Danni: Medicine for Me or Food for My Family?
Every day, I have to decide between feeding my two daughters or keeping my MS at bay.
Four years ago, I woke up two days before Christmas feeling dizzy. My arms and legs were tingling and numb. One day later, that uncomfortable feeling had moved into my chest, and I knew something was wrong. I went to the hospital. They sent me to a neurologist, who told me I had multiple sclerosis (MS) an incurable and debilitating disease. He sent me right back to the hospital.
That day flipped my life upside down forever. Not yet 42, I had a full-time job, was working toward my degree at nights, and making sure I was there for my two young daughters. Now, I had to quit my job and go on long-term disability. I couldn’t drive anywhere. And I had no energy or stamina to play with my kids. I was consumed with guilt and anxiety.
I started working part-time for the local fire department and had almost no debt, but my income no longer covered my rent, my car payments, our groceries, my insurance, my co-pays, and the utilities. Within a year, I had run out of cash and out of options. I had to move my family out of our home, and I applied for affordable housing and waited for a place to open up. Fourteen months later, I was still waiting.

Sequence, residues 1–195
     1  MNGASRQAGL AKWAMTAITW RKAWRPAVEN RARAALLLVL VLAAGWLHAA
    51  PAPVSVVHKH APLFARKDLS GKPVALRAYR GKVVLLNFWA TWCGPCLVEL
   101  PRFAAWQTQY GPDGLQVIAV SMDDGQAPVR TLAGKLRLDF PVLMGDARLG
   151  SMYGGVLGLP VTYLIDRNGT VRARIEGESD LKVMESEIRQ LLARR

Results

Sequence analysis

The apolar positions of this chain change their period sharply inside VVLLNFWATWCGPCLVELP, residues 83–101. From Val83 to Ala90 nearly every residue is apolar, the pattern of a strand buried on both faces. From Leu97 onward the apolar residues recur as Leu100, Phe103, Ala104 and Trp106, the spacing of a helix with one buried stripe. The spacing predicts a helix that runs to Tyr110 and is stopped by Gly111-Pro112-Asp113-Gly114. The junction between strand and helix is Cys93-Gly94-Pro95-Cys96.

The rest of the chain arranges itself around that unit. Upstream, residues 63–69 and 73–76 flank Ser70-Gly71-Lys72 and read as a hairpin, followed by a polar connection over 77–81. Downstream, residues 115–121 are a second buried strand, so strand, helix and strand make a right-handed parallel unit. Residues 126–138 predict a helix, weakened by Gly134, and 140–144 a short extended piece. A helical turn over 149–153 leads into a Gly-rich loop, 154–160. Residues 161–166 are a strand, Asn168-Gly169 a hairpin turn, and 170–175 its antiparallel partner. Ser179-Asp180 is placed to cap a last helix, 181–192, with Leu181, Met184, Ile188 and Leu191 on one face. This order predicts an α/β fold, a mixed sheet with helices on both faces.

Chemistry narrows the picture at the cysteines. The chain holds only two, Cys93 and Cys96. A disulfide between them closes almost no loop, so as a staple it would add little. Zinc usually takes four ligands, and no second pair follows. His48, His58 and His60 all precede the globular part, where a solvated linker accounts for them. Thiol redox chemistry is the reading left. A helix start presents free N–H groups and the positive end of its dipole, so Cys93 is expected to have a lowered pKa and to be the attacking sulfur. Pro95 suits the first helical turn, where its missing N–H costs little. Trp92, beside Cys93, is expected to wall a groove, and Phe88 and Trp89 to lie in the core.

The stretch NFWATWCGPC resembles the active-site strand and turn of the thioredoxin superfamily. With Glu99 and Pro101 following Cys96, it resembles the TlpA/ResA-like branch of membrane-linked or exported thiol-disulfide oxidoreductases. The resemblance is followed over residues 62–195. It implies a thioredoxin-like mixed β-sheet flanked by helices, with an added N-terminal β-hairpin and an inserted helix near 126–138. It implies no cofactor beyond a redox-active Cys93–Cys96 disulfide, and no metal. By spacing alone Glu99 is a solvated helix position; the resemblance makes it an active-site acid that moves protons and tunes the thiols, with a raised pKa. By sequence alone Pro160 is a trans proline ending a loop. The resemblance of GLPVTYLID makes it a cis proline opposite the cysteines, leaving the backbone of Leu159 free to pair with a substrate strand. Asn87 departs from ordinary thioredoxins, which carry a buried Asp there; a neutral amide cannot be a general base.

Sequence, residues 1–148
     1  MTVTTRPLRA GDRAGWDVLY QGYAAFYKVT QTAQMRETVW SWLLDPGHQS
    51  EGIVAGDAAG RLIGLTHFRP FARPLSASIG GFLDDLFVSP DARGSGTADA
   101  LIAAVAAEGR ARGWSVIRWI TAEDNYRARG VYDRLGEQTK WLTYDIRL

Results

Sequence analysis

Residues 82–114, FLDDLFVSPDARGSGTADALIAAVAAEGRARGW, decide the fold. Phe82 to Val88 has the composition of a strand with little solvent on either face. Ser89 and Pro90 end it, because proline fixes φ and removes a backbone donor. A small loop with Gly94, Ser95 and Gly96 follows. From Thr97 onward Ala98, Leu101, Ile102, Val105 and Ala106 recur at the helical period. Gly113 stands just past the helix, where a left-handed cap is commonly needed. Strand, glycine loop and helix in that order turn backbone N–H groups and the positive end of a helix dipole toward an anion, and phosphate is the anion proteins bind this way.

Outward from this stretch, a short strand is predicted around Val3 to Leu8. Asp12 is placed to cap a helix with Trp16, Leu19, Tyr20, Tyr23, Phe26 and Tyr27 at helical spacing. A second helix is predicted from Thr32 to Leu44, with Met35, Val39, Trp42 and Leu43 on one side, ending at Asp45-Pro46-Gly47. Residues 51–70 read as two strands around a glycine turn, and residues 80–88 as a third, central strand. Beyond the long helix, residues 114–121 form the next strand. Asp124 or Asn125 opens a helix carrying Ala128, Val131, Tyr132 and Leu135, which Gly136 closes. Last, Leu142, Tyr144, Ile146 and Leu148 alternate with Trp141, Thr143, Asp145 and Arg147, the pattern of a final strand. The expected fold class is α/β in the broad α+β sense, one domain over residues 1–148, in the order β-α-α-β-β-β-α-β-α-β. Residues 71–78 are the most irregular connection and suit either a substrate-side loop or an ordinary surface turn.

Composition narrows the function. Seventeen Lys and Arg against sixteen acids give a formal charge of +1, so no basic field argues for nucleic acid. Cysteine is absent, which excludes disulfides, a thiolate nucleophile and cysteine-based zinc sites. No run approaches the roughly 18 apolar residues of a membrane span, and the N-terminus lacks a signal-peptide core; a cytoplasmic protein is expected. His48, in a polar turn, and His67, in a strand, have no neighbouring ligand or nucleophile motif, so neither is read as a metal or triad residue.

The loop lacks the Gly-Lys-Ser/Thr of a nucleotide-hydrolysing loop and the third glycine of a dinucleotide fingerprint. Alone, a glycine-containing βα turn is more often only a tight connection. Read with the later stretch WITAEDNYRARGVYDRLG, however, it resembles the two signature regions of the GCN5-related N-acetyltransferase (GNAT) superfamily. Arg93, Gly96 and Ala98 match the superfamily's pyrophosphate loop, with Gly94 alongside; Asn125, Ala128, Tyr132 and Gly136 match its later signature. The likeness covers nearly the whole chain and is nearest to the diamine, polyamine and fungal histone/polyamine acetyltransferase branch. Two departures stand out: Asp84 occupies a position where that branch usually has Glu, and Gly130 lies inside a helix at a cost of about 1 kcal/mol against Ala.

As a family, we were facing real issues of food insecurity. That reality was almost unbearable for me. There seemed to be nowhere to turn, no one to help.
No mom in Loudoun should have to face such choices.
The Next Chapter
Finally, things turned around in October of 2016. With the assistance of local nonprofits, I was able to keep food in my pantry and purchase a small home in Hamilton. My daughters and I move in this summer. My health has stabilized, and there is a new medication on the horizon that promises a better quality of life. I have learned to ask for help. So I have found a network of people who have helped me understand what options I have to reduce the cost of living here in Loudoun.
I am still anxious about paying day-to-day bills. I want my daughters to grow up unscarred by my troubles. I worry about living alone and about my MS relapsing. I know I could find myself in a wheelchair someday soon. But for now, I am excited to start a new life in a new home and help my kids recover.
When I look back on these past four years, I realize how important it is for people to learn to look beyond labels. Disease does not discriminate. Black or white, young or old, rich or not, poor health can change anyone’s life in a matter of days. “Disabled” does not mean “cripple,” or “needy,” or a “charity case.”
And, as a community, we need to see—really see—how many of our public servants (firemen, police officers, veterans, and teachers) cannot live in the county they serve because of a dearth of affordable housing. It is time to change that equation.
Won’t you help us End the Need?